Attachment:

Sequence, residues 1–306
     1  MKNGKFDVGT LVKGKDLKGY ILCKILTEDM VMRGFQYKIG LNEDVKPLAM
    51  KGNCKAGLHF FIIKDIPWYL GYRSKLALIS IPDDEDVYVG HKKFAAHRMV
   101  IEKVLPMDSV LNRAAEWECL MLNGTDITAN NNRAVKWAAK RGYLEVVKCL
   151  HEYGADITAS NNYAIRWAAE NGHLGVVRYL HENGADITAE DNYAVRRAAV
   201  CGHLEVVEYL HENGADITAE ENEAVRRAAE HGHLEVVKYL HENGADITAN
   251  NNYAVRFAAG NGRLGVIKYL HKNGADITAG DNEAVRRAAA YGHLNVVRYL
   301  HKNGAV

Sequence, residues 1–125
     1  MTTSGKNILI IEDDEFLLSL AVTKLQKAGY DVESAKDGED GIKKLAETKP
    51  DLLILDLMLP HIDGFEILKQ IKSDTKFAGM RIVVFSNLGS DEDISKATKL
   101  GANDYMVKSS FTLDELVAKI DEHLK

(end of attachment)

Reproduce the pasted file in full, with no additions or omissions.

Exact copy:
Sequence, residues 1–306
     1  MKNGKFDVGT LVKGKDLKGY ILCKILTEDM VMRGFQYKIG LNEDVKPLAM
    51  KGNCKAGLHF FIIKDIPWYL GYRSKLALIS IPDDEDVYVG HKKFAAHRMV
   101  IEKVLPMDSV LNRAAEWECL MLNGTDITAN NNRAVKWAAK RGYLEVVKCL
   151  HEYGADITAS NNYAIRWAAE NGHLGVVRYL HENGADITAE DNYAVRRAAV
   201  CGHLEVVEYL HENGADITAE ENEAVRRAAE HGHLEVVKYL HENGADITAN
   251  NNYAVRFAAG NGRLGVIKYL HKNGADITAG DNEAVRRAAA YGHLNVVRYL
   301  HKNGAV

Sequence, residues 1–125
     1  MTTSGKNILI IEDDEFLLSL AVTKLQKAGY DVESAKDGED GIKKLAETKP
    51  DLLILDLMLP HIDGFEILKQ IKSDTKFAGM RIVVFSNLGS DEDISKATKL
   101  GANDYMVKSS FTLDELVAKI DEHLK